In the light of Unicode Technical Report #15 (Normalization) the major
rationale for -additional- precomposed letters has gone away.
Here is why: UTR#15 describes a method to 'normalize' character data, for
all cases where there are possible multiple spellings. The main reason that
this is important is for use in Web protocols, esp. in URLs.
If all data can be required to be normalized, name lookup (URL resolution)
can be much simpler - this is especially important for small, embedded
[Any device that does not support text entry, will not need to support the
normalization tables as long as all its inputs are normalized].
However, since normalization needs to work well with legacy encodings on
the web, the normalized form for the web will be (largely) precomposed. At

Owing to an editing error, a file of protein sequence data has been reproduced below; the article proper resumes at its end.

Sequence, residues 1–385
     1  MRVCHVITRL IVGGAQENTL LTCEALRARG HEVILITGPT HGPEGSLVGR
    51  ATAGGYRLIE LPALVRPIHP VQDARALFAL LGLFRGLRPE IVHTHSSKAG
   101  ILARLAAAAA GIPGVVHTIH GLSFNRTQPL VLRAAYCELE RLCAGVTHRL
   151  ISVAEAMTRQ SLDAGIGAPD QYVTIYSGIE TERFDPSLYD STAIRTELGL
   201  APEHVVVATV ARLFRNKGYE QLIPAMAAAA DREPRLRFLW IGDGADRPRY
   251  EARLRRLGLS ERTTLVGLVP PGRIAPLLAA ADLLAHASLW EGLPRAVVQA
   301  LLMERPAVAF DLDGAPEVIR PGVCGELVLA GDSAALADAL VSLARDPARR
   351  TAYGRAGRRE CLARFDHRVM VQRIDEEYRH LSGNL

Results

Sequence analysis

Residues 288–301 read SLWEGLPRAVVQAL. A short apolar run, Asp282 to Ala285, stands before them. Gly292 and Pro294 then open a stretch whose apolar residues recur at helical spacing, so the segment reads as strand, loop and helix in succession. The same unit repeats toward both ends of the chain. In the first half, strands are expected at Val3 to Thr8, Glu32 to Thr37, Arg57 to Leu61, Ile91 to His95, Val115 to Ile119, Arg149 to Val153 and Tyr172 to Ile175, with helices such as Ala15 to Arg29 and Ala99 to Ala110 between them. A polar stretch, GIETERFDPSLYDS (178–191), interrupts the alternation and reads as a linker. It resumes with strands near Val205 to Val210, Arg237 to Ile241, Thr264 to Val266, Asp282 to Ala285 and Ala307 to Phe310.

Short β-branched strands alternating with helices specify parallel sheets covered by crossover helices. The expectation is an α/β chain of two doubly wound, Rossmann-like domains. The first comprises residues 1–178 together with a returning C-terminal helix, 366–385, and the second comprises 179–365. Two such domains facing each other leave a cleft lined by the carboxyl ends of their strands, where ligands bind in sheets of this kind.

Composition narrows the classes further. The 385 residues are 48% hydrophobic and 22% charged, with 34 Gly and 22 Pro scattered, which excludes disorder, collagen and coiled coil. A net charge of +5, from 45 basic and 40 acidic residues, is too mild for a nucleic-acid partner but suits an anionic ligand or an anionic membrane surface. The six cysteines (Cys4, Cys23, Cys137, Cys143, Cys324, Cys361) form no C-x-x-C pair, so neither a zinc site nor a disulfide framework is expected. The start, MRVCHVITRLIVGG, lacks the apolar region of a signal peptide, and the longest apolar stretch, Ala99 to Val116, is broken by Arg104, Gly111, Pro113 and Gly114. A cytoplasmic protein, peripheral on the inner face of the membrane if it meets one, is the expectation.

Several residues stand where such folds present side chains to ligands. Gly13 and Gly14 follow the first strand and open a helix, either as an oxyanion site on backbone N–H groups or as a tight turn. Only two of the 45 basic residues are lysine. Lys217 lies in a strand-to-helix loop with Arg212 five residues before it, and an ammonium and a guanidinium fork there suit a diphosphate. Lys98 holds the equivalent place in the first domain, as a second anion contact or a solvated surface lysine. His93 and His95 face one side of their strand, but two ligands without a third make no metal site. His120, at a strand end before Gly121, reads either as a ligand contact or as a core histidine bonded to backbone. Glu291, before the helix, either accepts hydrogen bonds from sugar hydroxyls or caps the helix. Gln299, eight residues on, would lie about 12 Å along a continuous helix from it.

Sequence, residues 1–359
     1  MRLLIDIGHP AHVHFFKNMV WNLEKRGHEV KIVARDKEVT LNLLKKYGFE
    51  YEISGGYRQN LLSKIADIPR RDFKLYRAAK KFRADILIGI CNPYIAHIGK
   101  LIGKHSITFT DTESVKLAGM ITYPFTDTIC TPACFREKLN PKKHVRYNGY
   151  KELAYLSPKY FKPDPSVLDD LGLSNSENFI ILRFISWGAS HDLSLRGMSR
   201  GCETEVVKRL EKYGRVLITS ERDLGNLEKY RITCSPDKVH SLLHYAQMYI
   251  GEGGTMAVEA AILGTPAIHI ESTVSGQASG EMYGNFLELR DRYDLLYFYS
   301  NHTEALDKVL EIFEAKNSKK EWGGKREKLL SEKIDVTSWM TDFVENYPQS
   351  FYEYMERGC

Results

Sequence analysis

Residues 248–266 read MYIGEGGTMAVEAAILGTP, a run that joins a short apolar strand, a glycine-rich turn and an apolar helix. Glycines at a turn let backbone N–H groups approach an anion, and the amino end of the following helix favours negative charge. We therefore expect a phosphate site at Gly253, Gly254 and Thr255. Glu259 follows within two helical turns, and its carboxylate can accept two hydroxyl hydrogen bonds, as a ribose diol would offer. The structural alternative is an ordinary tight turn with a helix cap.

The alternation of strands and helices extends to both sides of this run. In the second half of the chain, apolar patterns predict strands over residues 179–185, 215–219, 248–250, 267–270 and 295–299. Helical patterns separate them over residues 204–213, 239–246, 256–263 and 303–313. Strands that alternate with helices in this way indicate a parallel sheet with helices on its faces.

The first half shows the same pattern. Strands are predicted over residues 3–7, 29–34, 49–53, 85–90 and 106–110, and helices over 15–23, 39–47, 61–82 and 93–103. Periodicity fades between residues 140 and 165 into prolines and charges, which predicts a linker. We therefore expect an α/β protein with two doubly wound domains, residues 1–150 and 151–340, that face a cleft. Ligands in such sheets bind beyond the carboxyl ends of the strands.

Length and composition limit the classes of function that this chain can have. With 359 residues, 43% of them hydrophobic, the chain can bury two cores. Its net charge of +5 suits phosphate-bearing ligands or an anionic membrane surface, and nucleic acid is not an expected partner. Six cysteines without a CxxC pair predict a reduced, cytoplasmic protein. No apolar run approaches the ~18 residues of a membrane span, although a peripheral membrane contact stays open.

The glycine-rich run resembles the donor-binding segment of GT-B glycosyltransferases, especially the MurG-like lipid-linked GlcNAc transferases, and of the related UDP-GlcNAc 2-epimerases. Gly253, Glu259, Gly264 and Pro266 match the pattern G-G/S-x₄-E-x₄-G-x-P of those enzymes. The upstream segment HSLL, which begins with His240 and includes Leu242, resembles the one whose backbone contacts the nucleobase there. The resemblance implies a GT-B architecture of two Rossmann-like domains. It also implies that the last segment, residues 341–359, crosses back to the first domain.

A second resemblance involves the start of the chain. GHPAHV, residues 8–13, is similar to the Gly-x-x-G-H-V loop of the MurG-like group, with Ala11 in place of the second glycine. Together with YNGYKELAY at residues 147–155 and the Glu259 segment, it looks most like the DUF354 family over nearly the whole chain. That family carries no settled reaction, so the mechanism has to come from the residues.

the same time, it is necessary to keep the normalized form stable in the
face of character additions. Therefore, no characters added *after* Unicode
Version 3.0 will be precomposed in the normalized form (older systems
would lack the knowledge of how to relate the new character to the existing
As a result of all of this, any precomposed character added from now on to
Unicode would have to be decomposed whenever sent on the web in normalized
form. Therefore there is much less benefit of having a precomposed character
added from now on - it would have to spend much of its life in decomposed form
UTR#15 represents the line where legacy support ends and what John Cowan
called the "True Unicode Way" picks up. It's not about first or
second-class status for characters but about creating a scheme ("universal
early normalization") that sets additional ground rules for interoperating
from now into the future.
This archive was generated by hypermail 2.1.2 : Tue Jul 10 2001 - 17:20:46 EDT